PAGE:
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Sharking, Gamesmanship, & Other Mind Games. ~ Allan Sand {Part 2 of 2}

The first thing a gamesman does is to start testing and probing his opponent’s attitudes and mental stability.

This is done by seemingly unrelated inquiries—all probing for any weakness. On each question, the player’s response is carefully observed. Was there a slight wince, a frown, or scowl? That indicates an emotional weak point.

At a key point in a run, a carefully timed verbal comment can be used to reduce or destroy the focus.

And truthfully, some players openly hand a gamesman the tools needed to beat them. Many of these are very obvious. For example, complaining about having to shoot of the cushion, is an open invitation for a gamesman to intentionally and continuously give you such setups. It is the same when a complaint is voiced about disliking the use of the mechanical bridge.

Here is an example of how a gamesman would discover a weakness:

A gamesman asks you a question about your day. You respond (for several minutes) by complaining that your day was so rough. Right off, you have told the gamesman that you will have trouble maintaining concentration. And then, the one time you start stringing a few balls together, he says something to you about how you’re doing well in spite of your exhaustion.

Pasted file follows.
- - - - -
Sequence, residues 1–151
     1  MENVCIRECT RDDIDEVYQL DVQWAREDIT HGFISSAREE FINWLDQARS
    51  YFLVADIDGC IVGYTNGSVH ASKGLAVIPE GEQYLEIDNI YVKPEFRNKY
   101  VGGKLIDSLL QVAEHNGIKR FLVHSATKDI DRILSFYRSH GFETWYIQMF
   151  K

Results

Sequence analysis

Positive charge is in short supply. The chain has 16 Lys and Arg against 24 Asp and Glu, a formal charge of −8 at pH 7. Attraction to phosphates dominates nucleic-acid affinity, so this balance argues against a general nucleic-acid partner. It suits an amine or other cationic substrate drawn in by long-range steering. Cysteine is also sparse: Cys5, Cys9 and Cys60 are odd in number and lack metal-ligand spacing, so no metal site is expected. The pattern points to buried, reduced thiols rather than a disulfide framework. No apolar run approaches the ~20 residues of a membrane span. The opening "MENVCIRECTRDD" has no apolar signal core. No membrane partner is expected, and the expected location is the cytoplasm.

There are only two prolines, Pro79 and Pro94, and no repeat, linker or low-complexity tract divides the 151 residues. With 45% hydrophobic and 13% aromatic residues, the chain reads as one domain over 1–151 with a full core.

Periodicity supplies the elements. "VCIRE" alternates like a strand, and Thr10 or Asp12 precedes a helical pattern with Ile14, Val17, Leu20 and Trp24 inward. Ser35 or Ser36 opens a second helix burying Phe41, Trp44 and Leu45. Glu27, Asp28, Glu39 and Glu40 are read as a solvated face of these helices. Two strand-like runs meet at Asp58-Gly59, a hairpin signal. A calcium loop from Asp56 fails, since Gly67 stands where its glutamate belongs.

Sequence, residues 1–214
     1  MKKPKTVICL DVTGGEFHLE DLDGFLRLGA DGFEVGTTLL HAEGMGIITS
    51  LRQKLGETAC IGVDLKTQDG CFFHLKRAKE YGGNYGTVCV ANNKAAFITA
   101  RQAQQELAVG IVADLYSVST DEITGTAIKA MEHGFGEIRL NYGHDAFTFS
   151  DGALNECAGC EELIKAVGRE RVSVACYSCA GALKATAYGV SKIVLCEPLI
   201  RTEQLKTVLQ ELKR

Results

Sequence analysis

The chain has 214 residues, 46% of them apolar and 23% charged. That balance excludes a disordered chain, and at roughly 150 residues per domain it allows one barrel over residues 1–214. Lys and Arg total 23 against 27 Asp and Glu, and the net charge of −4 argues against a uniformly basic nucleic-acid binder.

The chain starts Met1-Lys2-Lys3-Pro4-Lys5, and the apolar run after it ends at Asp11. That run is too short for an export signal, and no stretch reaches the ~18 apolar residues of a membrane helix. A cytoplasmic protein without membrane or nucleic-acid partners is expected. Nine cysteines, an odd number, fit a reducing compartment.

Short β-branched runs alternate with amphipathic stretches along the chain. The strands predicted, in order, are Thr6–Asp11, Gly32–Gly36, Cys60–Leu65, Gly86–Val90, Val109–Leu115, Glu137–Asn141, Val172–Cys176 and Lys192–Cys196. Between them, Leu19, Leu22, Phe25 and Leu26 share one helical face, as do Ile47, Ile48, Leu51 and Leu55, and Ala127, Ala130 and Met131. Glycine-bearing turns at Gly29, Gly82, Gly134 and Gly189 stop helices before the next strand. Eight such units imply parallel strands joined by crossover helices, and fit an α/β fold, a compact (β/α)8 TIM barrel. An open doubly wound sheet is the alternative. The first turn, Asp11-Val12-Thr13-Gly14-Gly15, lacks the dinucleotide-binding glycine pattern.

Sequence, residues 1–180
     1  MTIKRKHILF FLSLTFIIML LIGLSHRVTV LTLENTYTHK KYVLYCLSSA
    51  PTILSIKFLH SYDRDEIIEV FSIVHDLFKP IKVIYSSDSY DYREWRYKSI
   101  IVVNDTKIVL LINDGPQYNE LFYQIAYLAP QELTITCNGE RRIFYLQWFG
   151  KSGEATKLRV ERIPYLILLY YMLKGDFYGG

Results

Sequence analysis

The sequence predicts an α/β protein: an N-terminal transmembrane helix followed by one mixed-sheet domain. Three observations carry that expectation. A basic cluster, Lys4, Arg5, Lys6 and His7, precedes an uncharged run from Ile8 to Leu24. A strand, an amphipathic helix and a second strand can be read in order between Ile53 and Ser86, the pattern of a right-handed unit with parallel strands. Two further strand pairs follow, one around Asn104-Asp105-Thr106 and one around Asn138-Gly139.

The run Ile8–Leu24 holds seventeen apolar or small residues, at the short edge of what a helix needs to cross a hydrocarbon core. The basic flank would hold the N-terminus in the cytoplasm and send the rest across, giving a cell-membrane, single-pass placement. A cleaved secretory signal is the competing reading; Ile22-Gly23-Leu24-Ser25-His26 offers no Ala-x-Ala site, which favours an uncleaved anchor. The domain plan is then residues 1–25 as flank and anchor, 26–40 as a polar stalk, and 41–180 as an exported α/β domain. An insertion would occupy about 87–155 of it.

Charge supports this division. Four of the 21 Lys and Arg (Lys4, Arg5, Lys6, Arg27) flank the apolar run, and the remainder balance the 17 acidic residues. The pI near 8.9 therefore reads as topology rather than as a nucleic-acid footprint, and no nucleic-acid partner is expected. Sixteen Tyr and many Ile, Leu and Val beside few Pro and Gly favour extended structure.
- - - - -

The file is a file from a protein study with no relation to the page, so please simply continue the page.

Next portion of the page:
And, then you miss the next shot.

The key to managing players who think they are gamesman is to recognize when they are making an attempt to control your mind. If you can recognize the opening gambits, you can prevent these tricks from affecting your game. When games are important you can do a lot to help you win by following a few simple rules:

  1. Don’t show emotions (happy, sad, or mad) before and during a match.

  2. Avoid answering questions from opponents—especially general inquires of any kind.

  3. No matter where you are in a match, always maintain a poker face.

Over time, you will be the target of dozens and hundreds of mind game attempts. Simple experience will help you identify the common pitfalls. When you do experience a new distractive approach, you will be effected once (maybe twice), but thereafter, it won’t work.

Eventually, we get to the point that no one will be able to play mind games with us.

*See Part 1 here.


Allan Sand is a certified pocket billiards instructor, qualified by the PBIA (Professional Billiards Instructor Association) and ACS (American Cue Sports). His focus is on helping players become the “Intelligent Shooter” (thinking before shooting). He has played the Green Game for more than 50 years and now resides in Santa Clara, CA. He keeps his skills sharpen on a 5×10 Saunier & Wilhelm 1938 table with double-shimmed pockets. He has written 10 books on pocket billiards and produced five videos on how play better and smarter. He has one of the most popular billiards blogs on the planet with three posts every week.

Photo: Destroy all Cinema Editor: Dana Gornall

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